>
    > > On Apr 14, 1:40 pm, Lawrence D'Oliveiro <l...@geek-
    > > central.gen.new_zealand> wrote:
    > >> Time spent waiting for your PC to shut down and boot up again may cost
    > >> more
    > >> than any electricity saving.

    >
    > >> <http://blogs.zdnet.com/gadgetreviews/?p=3215>

    >
    > > Windows will crash after about a day so I may as well shut it down
    > > overnight.

    >
    > Have you sought help for this crash problem?
    > Sounds like you may have failed at something during the install or the day
    > to day running.


    Don't be silly, we know Windows crashes all the time because of its
    sloppy memory management. I will fix it by going to Linux.
    Matty F, Apr 16, 2009
    #9
  10. Lawrence D'Oliveiro

    Richard Guest

    Matty F wrote:

    > Windows will crash after about a day so I may as well shut it down
    > overnight.


    Only time I restart is to put in updates - and if they are not important
    ones I will just leave them - often get to 3 months or so without a
    restart - more are caused by united networks sloppy power network then
    microsoft.
    Richard, Apr 17, 2009
    #10
  11. Lawrence D'Oliveiro

    Geopelia Guest

    My computer has a stand by arrangement. If I click Stand By it seems to
    switch off, but will start up again quickly.
    I use that through the day and switch off at night.
    Geopelia, May 3, 2009
    #11
  12. In message <gtj8ap$g4n$>, Geopelia wrote:

    > My computer has a stand by arrangement. If I click Stand By it seems to
    > switch off, but will start up again quickly.


    That's called "sleep" mode.
    Lawrence D'Oliveiro, May 3, 2009
    #12
  13. Lawrence D'Oliveiro

    JohnO Guest

    On Apr 17, 7:49 am, Matty F <> wrote:
    > On Apr 16, 10:06 pm, "Jack Spratt" <pickledpork@_nospam_gmail.com>
    > wrote:
    >
    >
    >
    > > "Matty F" <> wrote in message

    >
    > >news:...

    >
    > > > On Apr 14, 1:40 pm, Lawrence D'Oliveiro <l...@geek-
    > > > central.gen.new_zealand> wrote:
    > > >> Time spent waiting for your PC to shut down and boot up again may cost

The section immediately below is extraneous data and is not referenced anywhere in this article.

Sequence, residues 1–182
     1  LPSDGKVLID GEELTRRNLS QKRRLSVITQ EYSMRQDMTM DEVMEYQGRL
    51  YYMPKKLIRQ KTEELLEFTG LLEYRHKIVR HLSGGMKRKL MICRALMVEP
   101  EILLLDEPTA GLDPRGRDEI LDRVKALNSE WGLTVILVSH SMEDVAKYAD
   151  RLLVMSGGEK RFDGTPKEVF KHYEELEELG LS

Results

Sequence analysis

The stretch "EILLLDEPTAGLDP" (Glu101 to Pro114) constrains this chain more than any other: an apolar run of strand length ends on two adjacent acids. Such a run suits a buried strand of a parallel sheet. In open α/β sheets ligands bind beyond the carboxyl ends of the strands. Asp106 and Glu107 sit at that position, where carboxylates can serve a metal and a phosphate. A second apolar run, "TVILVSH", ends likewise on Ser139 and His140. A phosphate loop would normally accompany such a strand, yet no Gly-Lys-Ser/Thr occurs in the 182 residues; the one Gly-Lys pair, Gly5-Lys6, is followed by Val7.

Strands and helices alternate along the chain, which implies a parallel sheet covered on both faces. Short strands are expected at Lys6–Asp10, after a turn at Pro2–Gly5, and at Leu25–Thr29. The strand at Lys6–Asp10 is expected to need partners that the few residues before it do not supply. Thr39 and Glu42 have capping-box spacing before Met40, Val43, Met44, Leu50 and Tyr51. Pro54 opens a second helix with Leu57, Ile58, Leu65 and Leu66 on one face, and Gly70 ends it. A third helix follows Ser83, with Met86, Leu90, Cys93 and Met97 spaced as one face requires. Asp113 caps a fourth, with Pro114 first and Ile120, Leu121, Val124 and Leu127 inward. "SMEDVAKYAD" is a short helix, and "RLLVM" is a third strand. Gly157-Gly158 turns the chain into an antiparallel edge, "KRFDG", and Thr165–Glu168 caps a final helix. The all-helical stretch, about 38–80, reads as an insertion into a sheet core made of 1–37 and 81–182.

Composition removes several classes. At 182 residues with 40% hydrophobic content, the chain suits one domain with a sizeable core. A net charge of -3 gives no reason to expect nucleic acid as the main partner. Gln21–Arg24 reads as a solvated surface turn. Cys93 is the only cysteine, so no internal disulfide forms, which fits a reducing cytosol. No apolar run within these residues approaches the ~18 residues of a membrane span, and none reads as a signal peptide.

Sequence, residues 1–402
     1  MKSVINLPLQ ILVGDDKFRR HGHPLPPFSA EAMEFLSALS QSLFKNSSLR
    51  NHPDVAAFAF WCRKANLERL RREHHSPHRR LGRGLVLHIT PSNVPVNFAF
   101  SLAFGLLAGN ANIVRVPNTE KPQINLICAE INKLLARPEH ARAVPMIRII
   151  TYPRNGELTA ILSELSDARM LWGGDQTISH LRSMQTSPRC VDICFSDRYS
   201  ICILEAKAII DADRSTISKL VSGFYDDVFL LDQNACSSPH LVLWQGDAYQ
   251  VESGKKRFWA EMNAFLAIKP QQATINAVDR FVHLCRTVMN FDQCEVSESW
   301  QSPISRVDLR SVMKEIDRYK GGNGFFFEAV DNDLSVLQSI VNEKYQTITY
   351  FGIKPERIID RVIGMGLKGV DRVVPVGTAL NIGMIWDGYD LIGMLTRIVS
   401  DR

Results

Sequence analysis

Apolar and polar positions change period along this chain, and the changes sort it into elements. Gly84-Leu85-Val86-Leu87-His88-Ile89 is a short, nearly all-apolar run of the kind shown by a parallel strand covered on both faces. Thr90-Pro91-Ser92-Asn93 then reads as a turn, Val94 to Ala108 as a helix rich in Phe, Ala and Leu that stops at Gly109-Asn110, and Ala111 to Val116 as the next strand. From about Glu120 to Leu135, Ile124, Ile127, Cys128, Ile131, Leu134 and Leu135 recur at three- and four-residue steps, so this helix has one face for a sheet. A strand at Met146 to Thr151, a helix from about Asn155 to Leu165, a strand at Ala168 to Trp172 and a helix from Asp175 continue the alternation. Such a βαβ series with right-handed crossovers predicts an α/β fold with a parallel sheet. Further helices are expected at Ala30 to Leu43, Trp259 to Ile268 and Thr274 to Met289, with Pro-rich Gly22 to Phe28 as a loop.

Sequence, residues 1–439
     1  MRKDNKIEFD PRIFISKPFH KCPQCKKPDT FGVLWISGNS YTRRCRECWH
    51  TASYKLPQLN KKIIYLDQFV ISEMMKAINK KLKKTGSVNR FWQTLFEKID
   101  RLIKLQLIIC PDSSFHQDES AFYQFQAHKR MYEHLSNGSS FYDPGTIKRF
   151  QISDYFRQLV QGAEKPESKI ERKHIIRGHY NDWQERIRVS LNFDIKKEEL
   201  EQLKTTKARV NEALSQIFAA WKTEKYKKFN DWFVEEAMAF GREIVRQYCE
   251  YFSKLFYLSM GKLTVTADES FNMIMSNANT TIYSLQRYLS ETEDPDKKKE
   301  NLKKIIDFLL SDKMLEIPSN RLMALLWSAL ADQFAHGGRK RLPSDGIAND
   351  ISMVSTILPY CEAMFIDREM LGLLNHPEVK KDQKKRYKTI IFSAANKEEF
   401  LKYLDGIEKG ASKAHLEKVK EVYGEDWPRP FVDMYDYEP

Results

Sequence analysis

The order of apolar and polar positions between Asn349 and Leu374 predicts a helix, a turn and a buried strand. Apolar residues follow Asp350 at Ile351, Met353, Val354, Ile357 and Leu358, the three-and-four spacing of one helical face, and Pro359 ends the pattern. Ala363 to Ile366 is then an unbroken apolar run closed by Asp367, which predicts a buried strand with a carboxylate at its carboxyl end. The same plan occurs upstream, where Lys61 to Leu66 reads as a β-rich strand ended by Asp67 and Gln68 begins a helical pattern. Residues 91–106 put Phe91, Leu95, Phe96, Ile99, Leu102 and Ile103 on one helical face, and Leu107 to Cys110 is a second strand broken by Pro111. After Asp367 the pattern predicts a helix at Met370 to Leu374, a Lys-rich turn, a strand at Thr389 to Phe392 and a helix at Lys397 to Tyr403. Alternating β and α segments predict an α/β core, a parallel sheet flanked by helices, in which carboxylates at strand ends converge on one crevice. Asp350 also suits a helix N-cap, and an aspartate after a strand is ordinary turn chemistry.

> > >> more
    > > >> than any electricity saving.

    >
    > > >> <http://blogs.zdnet.com/gadgetreviews/?p=3215>

    >
    > > > Windows will crash after about a day so I may as well shut it down
    > > > overnight.

    >
    > > Have you sought help for this crash problem?
    > > Sounds like you may have failed at something during the install or the day
    > > to day running.

    >
    > Don't be silly, we know Windows crashes all the time because of its
    > sloppy memory management. I will fix it by going to Linux.


    So how exactly is the memory management different between Windows (say
    XP or later) and Linux?
    JohnO, May 3, 2009
    #13
  14. In message <4e95afe4-0195-436b-b0e0-
    >, JohnO wrote:

    > So how exactly is the memory management different between Windows (say
    > XP or later) and Linux?


    Windows doesn't have the clear separation between kernel and userland. The
    GUI uses something called the "desktop heap", which is a limited area of
    memory that can run out. Since everything in the GUI (window, menu, button
    etc) is technically a "window" and needs space allocated in the desktop
    heap, dire consequences can arise when you run out. Which can happen if
    programs quit without properly cleaning up after themselves.

    In Linux, the system is structured into well-separated layers. Processes do
    not have any responsibility for managing kernel memory--only the kernel
    does. While the video-card driver is part of the kernel, the actual GUI is
    managed entirely by processes running in user space. If a process dies, the
    X server (the lowest layer of the GUI) notices the connection has gone, and
    will automatically clean up all GUI elements created by that process. Even
    if something screws up the entire GUI, you can restart it without doing a
    full system reboot, meaning a quicker recovery. And of course, it's easy to
    run with a simpler GUI, or even no GUI at all, if you want to.
    Lawrence D'Oliveiro, May 3, 2009
    #14
  15. Lawrence D'Oliveiro

    Geopelia Guest

    "Lawrence D'Oliveiro" <_zealand> wrote in message
    news:gtj8tq$sd$...
    > In message <gtj8ap$g4n$>, Geopelia wrote:
    >
    >> My computer has a stand by arrangement. If I click Stand By it seems to
    >> switch off, but will start up again quickly.

    >
    > That's called "sleep" mode.
    >

    Thank you
    Geopelia, May 3, 2009
    #15